Microsoft, on the other hand, has always flaunted their basement. In fact, until Windows 95, everyone was living down there. Now, Microsoft has actually hit a pretty good balance. (Not that there isn't room for improvement.) Apple continues to try to protect people against things that they can't protect them against. Microsoft lets people know what they need to know, whether that knowledge is ugly or not.
Really clever designers can do a lot of hiding, but, in the end, it doesn't pay off. I let ugliness shine through. Two things result: First, users can clearly tell that something ugly is lurking, so they can properly prepare to deal with it. Second, that little bit of ugliness is much more likely to disappear in the next release.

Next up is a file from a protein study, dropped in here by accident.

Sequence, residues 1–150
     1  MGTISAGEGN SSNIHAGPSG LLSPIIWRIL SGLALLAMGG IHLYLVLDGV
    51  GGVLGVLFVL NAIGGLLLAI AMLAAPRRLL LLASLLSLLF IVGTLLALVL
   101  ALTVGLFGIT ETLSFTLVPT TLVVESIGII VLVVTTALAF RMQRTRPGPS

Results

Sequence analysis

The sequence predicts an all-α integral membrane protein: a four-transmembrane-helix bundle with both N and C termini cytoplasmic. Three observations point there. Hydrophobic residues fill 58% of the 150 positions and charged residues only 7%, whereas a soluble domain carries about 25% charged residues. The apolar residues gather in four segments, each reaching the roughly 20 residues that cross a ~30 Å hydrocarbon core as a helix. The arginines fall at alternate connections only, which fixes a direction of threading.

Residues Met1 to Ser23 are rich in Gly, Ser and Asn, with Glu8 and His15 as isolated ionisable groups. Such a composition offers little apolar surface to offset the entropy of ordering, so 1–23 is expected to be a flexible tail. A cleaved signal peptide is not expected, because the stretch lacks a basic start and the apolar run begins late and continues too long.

What do you think?
Let's extend this conversation. What do you do when, at the last minute, some treasured feature isn't going to be implemented "but we promise it for next release." What happens when the user-testing fails, but it is going to ship anyway? The Macintosh was designed in the early '80s. Can we consider people more sophisticated now? Can we, should we expect more from them. What are your responsibilities as designer, engineer, architect. Where do you see the designer fitting in? Write and I'll include your responses in this growing discussion.